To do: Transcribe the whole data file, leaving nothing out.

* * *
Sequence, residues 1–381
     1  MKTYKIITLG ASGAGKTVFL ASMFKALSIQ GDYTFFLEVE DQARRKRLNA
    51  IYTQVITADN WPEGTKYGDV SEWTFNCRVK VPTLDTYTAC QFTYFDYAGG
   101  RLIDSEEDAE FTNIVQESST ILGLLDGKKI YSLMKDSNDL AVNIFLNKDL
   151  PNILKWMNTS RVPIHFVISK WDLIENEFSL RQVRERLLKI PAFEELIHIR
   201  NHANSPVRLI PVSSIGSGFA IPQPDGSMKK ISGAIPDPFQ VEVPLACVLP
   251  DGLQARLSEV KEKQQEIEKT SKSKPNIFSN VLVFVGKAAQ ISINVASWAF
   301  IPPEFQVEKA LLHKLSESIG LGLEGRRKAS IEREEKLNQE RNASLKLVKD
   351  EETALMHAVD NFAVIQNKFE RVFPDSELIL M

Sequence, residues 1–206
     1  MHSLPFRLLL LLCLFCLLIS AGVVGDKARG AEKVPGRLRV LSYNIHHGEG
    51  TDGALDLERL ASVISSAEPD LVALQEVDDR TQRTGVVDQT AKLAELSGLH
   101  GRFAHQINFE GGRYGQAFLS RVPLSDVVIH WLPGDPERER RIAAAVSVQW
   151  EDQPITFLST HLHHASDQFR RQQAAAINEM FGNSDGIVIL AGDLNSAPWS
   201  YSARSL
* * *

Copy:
Sequence, residues 1–381
     1  MKTYKIITLG ASGAGKTVFL ASMFKALSIQ GDYTFFLEVE DQARRKRLNA
    51  IYTQVITADN WPEGTKYGDV SEWTFNCRVK VPTLDTYTAC QFTYFDYAGG
   101  RLIDSEEDAE FTNIVQESST ILGLLDGKKI YSLMKDSNDL AVNIFLNKDL
   151  PNILKWMNTS RVPIHFVISK WDLIENEFSL RQVRERLLKI PAFEELIHIR
   201  NHANSPVRLI PVSSIGSGFA IPQPDGSMKK ISGAIPDPFQ VEVPLACVLP
   251  DGLQARLSEV KEKQQEIEKT SKSKPNIFSN VLVFVGKAAQ ISINVASWAF
   301  IPPEFQVEKA LLHKLSESIG LGLEGRRKAS IEREEKLNQE RNASLKLVKD
   351  EETALMHAVD NFAVIQNKFE RVFPDSELIL M

Sequence, residues 1–206
     1  MHSLPFRLLL LLCLFCLLIS AGVVGDKARG AEKVPGRLRV LSYNIHHGEG
    51  TDGALDLERL ASVISSAEPD LVALQEVDDR TQRTGVVDQT AKLAELSGLH
   101  GRFAHQINFE GGRYGQAFLS RVPLSDVVIH WLPGDPERER RIAAAVSVQW
   151  EDQPITFLST HLHHASDQFR RQQAAAINEM FGNSDGIVIL AGDLNSAPWS
   201  YSARSL